cow-faceA Vermont dairy farm is producing something other than milk.  Earlier this month, state officials were on hand to visit Vermont’s newest methane facility.  Westminster Farms Inc.,  along with Green Mountain Power (GMP), have been working together in an on-site plant that converts methane gas released from cow manure into electricity.

Cow manure is one of the largest contributors to greenhouse gasses and the runoff from manure pollutes water.  Taking a liability and converting it into an asset, just made environmental and economic sense to the farm’s Shawn Goodell.  An anaerobic digester is used to mix, heat and break down the manure.  The raw manure and ag substrates produce methane biogas, which  is captured and then generates electricity.  And with an estimated 1,200 cows on the Westminster-based dairy farm, finding a supply of manure is not a problem!  Sure gives new meaning to the term “natural gas” doesn’t it?

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“Harmless” Packaging – Something We Can All Buzz About

| Friday October 30th, 2009 | 1 Comment

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HarmlessBy John Comberiate

Harmless Enough?

An up and coming low impact packaging idea comes from the British company “Harmless“.  Everyone’s received a magazine covered in a plastic bag in the mail at some point in their lives.  Everyone has shipped a delicately packed box with a fragile treasure inside meant for a close friend or relative.  So we’re all familiar with packing materials as well as the waste that goes along with disposing of them once they’ve completed their useful life.  Harmless is making that waste a little more eco-friendly.

Harmless-Dissolve

Harmless has several options that have the ability to accommodate packing needs but the most impressive is the Harmless-Dissolve.  Similar to any magazine wrapping you’ve received in the past, the Harmless-Dissolve protects the magazine from knicks, scratches and tears from point of origin to your door.  Different though, is how you get rid of it; you just put it in water.  The Creative Review, for examples, is shipping its magazine out this month in Harmless-Dissolve and even has demonstrational pictures of it in action.

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Why Having More Won’t Make Us Happy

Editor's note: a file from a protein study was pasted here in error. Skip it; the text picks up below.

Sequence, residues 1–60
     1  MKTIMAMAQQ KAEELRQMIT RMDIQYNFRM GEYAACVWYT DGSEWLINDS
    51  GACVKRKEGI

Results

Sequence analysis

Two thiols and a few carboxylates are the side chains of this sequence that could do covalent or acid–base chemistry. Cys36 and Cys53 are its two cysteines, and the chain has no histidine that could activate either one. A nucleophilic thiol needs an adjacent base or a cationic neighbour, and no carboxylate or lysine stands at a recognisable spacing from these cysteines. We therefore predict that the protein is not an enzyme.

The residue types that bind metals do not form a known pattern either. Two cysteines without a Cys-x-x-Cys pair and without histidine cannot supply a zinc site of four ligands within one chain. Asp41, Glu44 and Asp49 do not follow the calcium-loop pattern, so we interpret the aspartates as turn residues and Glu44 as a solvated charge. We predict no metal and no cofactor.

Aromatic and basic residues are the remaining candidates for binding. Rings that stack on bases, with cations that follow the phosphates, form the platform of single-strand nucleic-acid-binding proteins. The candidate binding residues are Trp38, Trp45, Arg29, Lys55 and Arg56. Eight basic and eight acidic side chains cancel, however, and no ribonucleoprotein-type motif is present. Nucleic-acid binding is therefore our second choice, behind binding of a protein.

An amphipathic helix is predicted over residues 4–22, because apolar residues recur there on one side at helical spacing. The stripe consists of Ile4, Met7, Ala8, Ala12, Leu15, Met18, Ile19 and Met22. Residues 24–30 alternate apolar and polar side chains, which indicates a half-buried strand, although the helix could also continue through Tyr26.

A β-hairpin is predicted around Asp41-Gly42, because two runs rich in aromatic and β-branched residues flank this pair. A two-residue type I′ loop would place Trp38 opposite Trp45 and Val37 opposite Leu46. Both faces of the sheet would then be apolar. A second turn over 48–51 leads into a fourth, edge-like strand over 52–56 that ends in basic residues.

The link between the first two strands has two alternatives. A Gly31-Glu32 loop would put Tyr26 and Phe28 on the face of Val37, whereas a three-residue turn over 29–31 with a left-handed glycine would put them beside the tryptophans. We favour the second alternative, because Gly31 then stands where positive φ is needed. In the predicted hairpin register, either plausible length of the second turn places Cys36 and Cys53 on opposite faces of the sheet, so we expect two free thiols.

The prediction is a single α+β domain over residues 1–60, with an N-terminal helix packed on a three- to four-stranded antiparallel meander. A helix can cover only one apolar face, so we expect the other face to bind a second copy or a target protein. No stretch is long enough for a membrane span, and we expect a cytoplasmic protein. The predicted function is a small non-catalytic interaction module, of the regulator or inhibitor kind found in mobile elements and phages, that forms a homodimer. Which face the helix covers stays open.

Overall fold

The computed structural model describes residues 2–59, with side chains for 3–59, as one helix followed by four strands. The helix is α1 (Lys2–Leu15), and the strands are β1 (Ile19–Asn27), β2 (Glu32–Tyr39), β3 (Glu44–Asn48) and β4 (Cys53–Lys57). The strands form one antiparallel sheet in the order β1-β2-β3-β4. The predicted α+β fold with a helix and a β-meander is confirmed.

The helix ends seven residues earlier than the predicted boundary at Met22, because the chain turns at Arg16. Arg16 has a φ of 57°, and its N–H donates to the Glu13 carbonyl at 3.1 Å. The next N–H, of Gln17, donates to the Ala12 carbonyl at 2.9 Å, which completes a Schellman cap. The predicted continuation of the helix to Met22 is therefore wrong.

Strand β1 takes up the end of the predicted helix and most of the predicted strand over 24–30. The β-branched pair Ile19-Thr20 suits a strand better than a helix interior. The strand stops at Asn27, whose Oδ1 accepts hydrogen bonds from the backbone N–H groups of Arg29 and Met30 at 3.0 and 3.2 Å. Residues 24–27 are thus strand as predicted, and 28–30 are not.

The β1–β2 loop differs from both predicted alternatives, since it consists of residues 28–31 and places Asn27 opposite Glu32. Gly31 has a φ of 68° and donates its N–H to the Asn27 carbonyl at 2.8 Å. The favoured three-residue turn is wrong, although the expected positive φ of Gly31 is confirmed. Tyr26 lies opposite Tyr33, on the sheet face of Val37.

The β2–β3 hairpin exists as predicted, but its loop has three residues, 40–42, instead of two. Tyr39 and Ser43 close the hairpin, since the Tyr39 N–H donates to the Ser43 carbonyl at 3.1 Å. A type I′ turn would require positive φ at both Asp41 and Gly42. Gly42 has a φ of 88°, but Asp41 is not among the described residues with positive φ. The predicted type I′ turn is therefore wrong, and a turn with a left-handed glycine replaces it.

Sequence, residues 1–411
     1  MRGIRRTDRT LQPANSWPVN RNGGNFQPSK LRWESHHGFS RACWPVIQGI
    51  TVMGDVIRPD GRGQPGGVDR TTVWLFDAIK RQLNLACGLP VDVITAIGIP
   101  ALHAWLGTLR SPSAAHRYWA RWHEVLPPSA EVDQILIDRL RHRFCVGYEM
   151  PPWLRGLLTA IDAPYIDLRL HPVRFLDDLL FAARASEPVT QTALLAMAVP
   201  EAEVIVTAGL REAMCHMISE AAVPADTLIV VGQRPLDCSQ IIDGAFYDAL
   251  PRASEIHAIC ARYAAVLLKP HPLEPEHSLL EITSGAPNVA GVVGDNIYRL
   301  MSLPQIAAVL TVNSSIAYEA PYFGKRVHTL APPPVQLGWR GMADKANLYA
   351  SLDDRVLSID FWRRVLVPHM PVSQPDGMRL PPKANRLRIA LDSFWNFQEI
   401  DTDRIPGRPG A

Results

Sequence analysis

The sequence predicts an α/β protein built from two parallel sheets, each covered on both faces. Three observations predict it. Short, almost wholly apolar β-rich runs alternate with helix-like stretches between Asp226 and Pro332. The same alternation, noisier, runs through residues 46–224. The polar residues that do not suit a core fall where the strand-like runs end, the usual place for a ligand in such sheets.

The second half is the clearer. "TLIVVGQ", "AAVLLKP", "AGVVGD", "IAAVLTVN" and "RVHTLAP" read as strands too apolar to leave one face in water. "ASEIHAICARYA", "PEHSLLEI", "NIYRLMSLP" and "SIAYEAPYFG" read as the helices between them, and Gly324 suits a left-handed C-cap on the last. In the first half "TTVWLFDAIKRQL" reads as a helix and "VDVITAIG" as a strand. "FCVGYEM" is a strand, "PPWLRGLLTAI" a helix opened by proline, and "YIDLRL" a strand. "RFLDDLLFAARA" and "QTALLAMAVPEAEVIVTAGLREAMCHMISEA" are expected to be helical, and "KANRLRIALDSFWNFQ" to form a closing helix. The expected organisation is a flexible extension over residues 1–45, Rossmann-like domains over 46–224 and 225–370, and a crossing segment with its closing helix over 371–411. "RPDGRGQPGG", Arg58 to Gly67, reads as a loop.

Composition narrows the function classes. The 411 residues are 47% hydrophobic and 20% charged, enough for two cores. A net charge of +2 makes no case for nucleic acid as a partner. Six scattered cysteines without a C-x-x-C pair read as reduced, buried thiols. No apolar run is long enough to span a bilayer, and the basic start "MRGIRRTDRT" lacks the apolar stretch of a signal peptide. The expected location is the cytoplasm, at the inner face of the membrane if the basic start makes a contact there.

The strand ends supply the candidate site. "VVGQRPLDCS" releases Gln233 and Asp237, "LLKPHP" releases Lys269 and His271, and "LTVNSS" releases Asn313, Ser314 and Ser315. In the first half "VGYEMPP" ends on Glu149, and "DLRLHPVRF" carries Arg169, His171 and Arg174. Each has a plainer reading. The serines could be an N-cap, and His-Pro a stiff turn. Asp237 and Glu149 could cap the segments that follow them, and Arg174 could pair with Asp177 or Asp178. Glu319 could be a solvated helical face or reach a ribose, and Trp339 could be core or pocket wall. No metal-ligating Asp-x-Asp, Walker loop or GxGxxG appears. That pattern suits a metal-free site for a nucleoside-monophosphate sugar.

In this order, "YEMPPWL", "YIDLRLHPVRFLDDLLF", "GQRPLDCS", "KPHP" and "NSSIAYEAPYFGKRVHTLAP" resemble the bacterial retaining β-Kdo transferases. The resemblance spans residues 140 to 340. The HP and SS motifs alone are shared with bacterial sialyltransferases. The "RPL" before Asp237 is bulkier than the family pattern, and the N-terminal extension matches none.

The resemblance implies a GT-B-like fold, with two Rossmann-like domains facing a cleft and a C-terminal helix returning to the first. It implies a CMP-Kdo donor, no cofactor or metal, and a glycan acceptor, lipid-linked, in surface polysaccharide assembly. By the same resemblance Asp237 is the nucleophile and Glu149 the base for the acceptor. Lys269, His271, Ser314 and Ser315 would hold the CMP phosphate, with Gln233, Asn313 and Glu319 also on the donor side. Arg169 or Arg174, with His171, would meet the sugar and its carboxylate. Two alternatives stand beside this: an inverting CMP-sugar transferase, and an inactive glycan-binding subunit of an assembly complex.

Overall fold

Gregory Wendt, CFP | Friday October 30th, 2009 | 5 Comments

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money-happyAs a financial adviser, I regularly meet the “haves and have-mores.” One thing I have learned for sure: Having more does not necessarily mean having more happiness.

Barbara Walters interviewed billionaire media mogul David Geffen in a conversation published in More Than Money magazine: “She said, ‘O.K., David, now that you’re a billionaire, are you happy?’ He shot back without hesitation: ‘Barbara, anybody who believes money makes you happy doesn’t have money.'”

Of course I think to a point, money actually does buy you happiness, or at least in our society money provides the mechanism to get basic human needs met. Take someone who is truly in poverty and a bit of money will actually, truly, make that person and his/her family more happy – they’ll get food, shelter, some labor saving devices, they’ll get education, they’ll get leisure time.

What’s right is to say that after basic needs are met the marginal return of happiness per dollar declines rapidly, at some point every additional dollar means virtually nothing.

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What About the People?

| Thursday October 29th, 2009 | 0 Comments

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people jumpingBy Brahm Ahmadi
Ecological economics is a transdisciplinary field of study that addresses the complex interconnectedness of human systems and natural ecosystems. Unlike neoclassical economics, which is preoccupied with the value-free idea of efficiency, ecological economics focuses on the economy as a subsystem of the ecosystem, and emphasizes the natural limits of our planet in relation to human social and economic systems.